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Page:Folk-lore - A Quarterly Review. Volume 4, 1893.djvu/70

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62
Sacred Wells in Wales.

the name of the thief who had stolen from him, he had to throw a bit of bread into the well and name the person whom he suspected. At the name of the thief the bread would sink; so the inquirer went on naming all the persons he could think of until the bit of bread sank: then the thief was identified. Another well of the same kind was Ffynnon Saethon, in Llanfihangel Bachellaeth parish, also in Lleyn. Here it was customary, as he had it in writing, for lovers to throw pins (pinnau) into the well; but these pins appear to have been the points of the blackthorn. At any rate, they cannot well have been of any kind of metal, as we are told that, if they sank in the water, one concluded that one's lover was not sincere in his or her love. Ffynnon Gybi, or St. Cybi's Well, in the parish of Llangybi, was the scene of a somewhat similar practice; for there the girls who wished to know their lovers' intentions would spread their pocket-handkerchiefs on the water of the well, and, if the water pushed the handkerchiefs to the south—in Welsh i'r dé—they knew that everything was right—in Welsh o ddê—and that their lovers were honest and honourable in their intentions; but, if the water shifted the handkerchiefs northwards, they concluded the contrary. A reference to this is made in severe terms by a modern Welsh poet, as follows:—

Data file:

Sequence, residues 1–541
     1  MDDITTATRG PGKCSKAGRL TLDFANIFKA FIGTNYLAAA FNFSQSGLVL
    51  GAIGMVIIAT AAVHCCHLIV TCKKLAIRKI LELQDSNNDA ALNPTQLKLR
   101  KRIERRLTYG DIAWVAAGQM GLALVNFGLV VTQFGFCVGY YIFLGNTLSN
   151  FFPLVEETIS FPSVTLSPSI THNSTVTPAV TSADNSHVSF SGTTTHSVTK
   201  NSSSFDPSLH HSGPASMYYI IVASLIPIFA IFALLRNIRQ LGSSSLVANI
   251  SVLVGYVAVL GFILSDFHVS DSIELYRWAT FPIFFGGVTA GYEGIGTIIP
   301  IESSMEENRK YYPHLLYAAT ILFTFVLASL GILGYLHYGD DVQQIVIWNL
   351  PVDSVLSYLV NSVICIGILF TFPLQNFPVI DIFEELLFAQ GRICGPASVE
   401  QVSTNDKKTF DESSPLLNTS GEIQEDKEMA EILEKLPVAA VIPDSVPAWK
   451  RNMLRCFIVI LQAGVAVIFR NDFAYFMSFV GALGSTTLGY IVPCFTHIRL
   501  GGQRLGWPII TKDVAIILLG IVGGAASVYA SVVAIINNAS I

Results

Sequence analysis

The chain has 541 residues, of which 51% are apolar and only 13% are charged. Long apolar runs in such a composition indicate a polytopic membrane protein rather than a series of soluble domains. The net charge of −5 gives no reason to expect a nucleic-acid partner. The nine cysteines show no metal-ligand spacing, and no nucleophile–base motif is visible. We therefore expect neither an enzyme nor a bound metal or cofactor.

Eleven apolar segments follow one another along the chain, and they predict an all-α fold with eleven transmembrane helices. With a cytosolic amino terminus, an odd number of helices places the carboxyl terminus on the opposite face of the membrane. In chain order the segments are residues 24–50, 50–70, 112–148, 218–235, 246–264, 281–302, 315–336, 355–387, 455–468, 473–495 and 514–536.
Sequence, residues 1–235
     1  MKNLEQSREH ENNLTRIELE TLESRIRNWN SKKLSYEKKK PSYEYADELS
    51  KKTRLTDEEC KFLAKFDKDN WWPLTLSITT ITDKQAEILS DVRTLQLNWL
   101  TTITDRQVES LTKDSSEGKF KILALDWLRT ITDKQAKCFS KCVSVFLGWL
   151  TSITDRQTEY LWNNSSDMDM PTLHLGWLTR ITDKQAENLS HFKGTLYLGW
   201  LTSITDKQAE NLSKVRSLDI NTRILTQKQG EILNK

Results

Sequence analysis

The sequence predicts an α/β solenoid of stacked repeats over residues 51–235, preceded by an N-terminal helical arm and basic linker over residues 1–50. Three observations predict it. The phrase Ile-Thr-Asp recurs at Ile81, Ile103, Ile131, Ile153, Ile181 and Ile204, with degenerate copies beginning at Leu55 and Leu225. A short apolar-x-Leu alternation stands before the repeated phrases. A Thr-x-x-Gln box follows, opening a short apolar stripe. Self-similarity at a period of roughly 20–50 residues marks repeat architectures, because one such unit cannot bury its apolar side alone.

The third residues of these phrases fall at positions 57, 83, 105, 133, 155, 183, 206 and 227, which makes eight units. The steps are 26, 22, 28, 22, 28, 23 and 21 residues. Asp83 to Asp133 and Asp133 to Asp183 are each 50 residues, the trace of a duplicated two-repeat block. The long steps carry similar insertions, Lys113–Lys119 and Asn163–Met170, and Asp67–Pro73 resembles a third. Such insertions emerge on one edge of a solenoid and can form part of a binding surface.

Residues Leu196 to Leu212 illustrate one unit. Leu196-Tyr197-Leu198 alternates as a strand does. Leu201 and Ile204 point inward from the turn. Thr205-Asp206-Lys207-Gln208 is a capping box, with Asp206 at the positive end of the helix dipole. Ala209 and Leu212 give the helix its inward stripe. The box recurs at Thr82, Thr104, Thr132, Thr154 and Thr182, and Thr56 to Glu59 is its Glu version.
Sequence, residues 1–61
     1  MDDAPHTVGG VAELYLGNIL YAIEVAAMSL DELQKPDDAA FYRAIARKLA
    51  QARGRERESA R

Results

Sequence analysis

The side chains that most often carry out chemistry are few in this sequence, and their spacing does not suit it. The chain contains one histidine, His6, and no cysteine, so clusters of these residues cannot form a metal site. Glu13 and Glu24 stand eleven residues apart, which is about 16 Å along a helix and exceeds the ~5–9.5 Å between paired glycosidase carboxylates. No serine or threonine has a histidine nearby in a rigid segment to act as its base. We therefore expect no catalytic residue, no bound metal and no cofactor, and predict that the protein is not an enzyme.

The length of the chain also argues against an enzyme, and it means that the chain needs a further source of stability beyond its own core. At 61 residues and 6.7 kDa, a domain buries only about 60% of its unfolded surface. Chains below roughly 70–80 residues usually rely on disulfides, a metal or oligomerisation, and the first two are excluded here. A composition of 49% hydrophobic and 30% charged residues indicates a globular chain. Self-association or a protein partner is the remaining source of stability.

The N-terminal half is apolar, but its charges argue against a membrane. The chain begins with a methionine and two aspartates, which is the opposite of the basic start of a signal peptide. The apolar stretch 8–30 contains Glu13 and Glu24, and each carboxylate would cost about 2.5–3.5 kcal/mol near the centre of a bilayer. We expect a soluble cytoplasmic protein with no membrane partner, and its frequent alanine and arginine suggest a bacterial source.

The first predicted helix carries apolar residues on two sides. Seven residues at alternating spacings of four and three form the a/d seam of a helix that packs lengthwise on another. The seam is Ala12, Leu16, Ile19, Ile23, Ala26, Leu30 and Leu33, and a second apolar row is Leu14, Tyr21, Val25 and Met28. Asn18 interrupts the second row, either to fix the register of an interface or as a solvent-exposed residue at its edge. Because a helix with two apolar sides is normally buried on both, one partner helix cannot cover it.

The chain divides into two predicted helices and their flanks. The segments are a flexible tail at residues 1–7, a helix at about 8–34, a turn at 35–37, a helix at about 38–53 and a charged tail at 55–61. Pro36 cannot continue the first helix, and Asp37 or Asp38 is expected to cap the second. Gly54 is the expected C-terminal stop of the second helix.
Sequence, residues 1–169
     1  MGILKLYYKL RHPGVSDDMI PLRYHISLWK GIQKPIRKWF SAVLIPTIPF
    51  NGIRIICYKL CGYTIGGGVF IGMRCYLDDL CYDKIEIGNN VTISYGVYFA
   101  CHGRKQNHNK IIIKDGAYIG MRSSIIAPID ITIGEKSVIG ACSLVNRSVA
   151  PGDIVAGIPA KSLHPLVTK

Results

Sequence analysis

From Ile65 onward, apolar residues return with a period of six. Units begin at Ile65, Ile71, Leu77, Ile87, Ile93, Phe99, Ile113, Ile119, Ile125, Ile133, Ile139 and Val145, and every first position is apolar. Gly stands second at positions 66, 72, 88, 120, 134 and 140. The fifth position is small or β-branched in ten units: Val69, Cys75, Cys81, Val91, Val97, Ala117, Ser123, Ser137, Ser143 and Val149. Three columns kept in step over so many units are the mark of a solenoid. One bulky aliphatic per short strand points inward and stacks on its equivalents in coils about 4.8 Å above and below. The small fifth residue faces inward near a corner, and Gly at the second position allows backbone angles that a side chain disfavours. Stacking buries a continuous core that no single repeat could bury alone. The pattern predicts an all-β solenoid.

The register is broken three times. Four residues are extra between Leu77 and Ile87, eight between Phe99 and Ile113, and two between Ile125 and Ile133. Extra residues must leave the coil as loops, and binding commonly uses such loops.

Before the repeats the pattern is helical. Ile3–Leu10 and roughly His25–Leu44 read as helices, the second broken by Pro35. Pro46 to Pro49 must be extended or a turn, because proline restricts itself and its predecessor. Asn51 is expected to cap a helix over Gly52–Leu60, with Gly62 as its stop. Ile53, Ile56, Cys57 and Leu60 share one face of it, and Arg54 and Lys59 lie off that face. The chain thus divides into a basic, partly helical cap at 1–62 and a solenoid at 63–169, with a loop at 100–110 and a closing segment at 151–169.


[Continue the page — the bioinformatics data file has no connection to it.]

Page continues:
Ambell ddyn, gwaelddyn, a gyrch
I bant goris Moel Bentyrch,
Alewn gobaith mai hen Gybi
Glodfawr sydd yn llvyddaw'r lli.


Some folks, worthless folks, visit
A hollow below Moel Bentyrch,
In hopes that ancient Kybi
Of noble fame blesses the flood.


The spot is not far from where Myrddin Fardd lives; and he mentioned that adjoining the well is a building which was probably intended for the person in charge of the well. However that may be, it has been tenanted